Can Your Spouse Foot the Bill for Your Divorce Attorney?

Nicola Miller
By: Nicola Miller
PublishedAug 28, 2023
2 minute read

One unfortunate reason people stay in unhappy marriages is money, or the lack of it. After all, the average divorce costs around $13,000 — and that figure can double with child support and custody matters thrown in. The cost can seem prohibitive, especially if you’re the lower-earning spouse. However, Colorado provides a way for some people to get their divorce attorney fees paid. You can file a motion with the court that requests your ex front the money to pay for your divorce attorney.

It’s Called a ‘Rose Motion’ 

Colorado law allows courts to order higher-earning spouses to pay anticipated attorney fees or expert costs to lower-earning partners during divorce. Such an order is based on the financial disparity between the spouses and on each one’s ability to pay.

What it means: If one party in a divorce earns a lot more money than the other, they might need to help pay the other’s fees. To request attorney fees and expert costs, you must ask your lawyer to file a “Rose Motion.”

The motion got its name from a 2006 Colorado Appeals Court case, In re Marriage of Rose. In Rose, the higher-earning husband unsuccessfully disputed the court’s ability to award “prospective” attorney fees to his estranged wife. It’s been called a “Rose Motion” ever since.

Don’t Be Manipulated into Not Hiring an Attorney 

First, don’t buy into the misconception that hiring an attorney means you foot the bill. Attorney fees are covered by the marital estate, which is jointly owned by both spouses. It doesn’t matter whose bank the money is in, as long as it’s part of the marriage.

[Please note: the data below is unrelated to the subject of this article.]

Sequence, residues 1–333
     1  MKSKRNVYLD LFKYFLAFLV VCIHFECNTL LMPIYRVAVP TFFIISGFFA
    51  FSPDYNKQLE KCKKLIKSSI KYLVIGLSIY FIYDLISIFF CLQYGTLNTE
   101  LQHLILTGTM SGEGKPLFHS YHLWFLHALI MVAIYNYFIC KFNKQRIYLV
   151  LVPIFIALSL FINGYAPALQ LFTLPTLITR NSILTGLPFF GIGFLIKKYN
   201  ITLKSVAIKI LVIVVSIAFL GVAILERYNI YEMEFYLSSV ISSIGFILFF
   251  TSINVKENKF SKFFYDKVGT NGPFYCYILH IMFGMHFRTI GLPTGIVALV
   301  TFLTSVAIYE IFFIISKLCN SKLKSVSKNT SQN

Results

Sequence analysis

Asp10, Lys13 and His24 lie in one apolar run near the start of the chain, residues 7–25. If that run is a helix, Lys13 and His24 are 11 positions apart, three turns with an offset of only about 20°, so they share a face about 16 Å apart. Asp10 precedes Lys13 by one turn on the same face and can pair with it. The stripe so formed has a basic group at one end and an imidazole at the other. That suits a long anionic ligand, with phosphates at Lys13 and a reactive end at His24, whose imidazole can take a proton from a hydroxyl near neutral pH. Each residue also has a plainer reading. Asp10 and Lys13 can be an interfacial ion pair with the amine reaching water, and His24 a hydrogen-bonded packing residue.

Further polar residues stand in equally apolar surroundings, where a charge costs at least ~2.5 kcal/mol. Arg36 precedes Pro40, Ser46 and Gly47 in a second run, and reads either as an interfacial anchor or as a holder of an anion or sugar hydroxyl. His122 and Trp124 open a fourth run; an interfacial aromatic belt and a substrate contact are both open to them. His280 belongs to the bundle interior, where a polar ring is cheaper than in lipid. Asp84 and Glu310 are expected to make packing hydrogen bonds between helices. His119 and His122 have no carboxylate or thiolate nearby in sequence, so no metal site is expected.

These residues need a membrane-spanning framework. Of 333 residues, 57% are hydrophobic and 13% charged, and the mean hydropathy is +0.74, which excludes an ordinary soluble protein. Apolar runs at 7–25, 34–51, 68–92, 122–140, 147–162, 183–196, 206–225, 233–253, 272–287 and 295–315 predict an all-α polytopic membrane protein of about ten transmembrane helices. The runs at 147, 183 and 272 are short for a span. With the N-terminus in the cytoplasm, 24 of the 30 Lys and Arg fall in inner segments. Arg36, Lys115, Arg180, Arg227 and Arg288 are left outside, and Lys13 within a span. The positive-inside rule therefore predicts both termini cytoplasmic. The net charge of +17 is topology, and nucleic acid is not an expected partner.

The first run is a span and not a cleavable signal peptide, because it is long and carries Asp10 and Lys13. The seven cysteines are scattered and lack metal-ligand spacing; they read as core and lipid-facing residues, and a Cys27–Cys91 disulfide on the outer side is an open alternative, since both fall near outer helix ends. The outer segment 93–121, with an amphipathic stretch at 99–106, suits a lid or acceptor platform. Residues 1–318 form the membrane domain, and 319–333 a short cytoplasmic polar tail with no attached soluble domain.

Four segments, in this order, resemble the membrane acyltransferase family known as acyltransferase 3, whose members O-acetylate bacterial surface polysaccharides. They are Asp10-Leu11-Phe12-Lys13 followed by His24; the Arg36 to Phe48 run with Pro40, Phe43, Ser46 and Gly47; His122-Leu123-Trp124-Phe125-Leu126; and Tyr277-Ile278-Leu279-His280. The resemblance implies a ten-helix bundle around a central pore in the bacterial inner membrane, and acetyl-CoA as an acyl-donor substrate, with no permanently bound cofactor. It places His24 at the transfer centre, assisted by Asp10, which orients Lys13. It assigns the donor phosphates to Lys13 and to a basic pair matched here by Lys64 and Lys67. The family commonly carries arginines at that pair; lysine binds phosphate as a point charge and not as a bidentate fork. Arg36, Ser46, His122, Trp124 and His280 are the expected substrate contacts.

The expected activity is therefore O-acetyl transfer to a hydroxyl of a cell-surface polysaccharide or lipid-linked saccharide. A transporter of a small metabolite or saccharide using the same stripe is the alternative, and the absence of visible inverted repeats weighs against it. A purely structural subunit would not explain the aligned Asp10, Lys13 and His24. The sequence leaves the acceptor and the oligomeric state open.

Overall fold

Emotional Threats 

Sometimes, the higher-earning spouse will use threats to keep the lower earner from hiring their own lawyer. This can especially be the case if they don’t want to pay for two lawyers or are trying to control the divorce settlement. They’ve already hired an attorney for themselves, and don’t want the other to have equal representation. Such emotional manipulation tactics might sound like:

  • “You’re making this a lot harder and more painful for everybody.”
  • “Fine, get your own fancy attorney. There goes the kids’ college funds.”
  • “I was trying to be fair, but it seems you want a war.”

Pay no mind to these manipulation tactics. Stand your ground. Prioritizing your rights during a divorce is the best way to protect your and your children’s interests. You need your own lawyer for that.

Meritless Claims: Another Way to Request Attorney Fees 

Now and then, one party in a contentious divorce case goes too far. When they do, they create an opportunity for you to recover more of your attorney fees.

According to Colorado Revised Statute 13-17-102, if a party makes unjustified, frivolous, groundless, or vexatious claims in court, the judge can order them to pay the other party’s legal fees.

Does Fault Have Any Bearing on Who Pays Attorney Fees? 

It does not. In Colorado, fault doesn’t impact a judge’s choice to grant attorney fees. Even if your spouse’s actions caused the divorce, it doesn’t mean they’ll have to pay the fees.

You Need a Divorce Attorney 

Ultimately, choosing a divorce attorney is a wiser investment than handling it solo. Robinson & Henry’s lawyers understand the full breadth and depth of Colorado family law. Let us put our expertise to work for you. Call 303-688-0944 for a case assessment.

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